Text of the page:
On Wednesday, October 8, Denmark summoned Tehran's ambassador to Copenhagen, Afsaneh Nadipour, over reports that the Iranian Embassy had allegedly contacted Iranian women living in the Scandinavian country and pressured them to accept divorce terms drawn up by local clergies and Mosque Imams.
The summons follows recent reports in Danish media about Muslim women being forced to accept divorce deals made by imams in Denmark. A contract made by one imam said that a woman, among other things, had to admit that if she remarried, she would lose the custody of her children, Associated Press reported.
"I take the rumors extremely seriously that the Iranian Embassy, unsolicited, had contacted women living here to pressure them to have their Danish divorce papers religiously validated," said Danish Foreign Minister Jeppe Kofod. "That is also why we react as quickly and as clearly as we do."
Kofod added that the Scandinavian country would "in no way accept if an embassy is involved in cases that are contrary to Danish law — and contrary to our basic democratic values in Denmark."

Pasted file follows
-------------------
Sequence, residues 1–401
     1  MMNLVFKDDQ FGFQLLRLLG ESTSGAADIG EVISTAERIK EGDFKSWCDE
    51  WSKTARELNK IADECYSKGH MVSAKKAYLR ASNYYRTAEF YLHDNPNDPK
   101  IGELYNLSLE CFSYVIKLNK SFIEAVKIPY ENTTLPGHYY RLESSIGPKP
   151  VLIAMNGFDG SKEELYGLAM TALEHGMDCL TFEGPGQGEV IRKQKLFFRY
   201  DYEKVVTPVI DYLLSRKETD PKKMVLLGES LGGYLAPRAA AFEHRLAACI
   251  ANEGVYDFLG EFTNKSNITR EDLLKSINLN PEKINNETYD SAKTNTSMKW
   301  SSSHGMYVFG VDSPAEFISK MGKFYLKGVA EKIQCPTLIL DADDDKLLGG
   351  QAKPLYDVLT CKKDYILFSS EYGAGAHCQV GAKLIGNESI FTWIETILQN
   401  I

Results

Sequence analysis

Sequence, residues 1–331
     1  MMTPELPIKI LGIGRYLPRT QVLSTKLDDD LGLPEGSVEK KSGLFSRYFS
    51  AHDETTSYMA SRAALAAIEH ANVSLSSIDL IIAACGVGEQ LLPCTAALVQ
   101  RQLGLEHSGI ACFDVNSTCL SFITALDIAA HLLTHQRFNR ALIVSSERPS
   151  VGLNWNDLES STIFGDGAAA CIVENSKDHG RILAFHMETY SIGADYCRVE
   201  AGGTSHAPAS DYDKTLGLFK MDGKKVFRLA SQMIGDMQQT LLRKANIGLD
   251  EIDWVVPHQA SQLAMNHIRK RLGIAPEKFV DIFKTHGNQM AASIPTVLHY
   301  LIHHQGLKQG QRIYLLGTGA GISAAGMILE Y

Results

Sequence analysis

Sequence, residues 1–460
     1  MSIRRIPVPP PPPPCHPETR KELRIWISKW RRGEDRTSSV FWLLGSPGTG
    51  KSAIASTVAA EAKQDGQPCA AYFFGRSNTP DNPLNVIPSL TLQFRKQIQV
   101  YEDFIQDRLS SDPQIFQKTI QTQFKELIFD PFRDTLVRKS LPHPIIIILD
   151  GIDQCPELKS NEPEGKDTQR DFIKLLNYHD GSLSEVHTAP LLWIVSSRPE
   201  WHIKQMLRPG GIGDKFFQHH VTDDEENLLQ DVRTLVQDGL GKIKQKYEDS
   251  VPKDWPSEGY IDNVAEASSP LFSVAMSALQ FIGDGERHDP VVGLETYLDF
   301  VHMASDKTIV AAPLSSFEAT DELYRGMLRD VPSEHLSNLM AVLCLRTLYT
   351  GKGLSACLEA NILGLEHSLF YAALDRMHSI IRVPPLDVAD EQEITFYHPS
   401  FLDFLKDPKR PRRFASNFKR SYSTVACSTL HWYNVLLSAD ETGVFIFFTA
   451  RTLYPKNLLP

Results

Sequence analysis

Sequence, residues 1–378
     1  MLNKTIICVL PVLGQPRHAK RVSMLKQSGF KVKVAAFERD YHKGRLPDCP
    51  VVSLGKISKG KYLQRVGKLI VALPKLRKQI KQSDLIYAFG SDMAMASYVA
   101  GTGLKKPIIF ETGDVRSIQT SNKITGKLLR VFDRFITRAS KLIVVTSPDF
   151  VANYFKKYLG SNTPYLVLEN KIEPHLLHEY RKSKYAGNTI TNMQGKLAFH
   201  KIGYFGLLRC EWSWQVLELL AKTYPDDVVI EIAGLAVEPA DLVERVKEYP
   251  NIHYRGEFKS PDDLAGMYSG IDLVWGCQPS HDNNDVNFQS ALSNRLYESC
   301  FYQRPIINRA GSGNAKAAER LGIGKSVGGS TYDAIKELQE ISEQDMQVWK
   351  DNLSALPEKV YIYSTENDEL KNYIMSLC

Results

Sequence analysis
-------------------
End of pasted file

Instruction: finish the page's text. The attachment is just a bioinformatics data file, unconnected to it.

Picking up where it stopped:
"The kind of religious control that we have heard about in the media does not belong in Denmark," he said.
Tehran has not yet responded to the summoning of Nadipour to the Danish Foreign Ministry.
Wrapped in Islamic hijab, Nadipour presented her credentials to Queen Margrethe II of Denmark on Monday, February 8, 2020. She had earlier served in the Islamic Republic's representative offices in Tokyo, Geneva, and the Organization for the Prohibition of Chemical Weapons in The Hague (OPCW).
This is not the first case of summoning an Iranian Ambassador to the Danish Foreign Ministry.
Denmark announced in late October 2018 that the Iranian ambassador to Copenhagen, Morteza Moradian, had been summoned to the Danish Foreign Ministry following Danish security forces foiling an Iranian plot to kill an exiled Iranian dissident.
Earlier, a Norwegian citizen of Iranian origin was arrested on October 21, 2018 on suspicion of helping an unspecified Iranian intelligence service '"to act in Denmark" and allegedly becoming involved in an assassination plot, Danish security service chief Finn Borch Andersen said.
Denmark recalled its ambassador to Iran after the country accused Tehran of plotting to kill three Iranian dissidents living there.
Prime Minister Lars Loekke Rasmussen and Foreign Minister Anders Samuelsen both called the alleged Iranian attack in Denmark "totally unacceptable."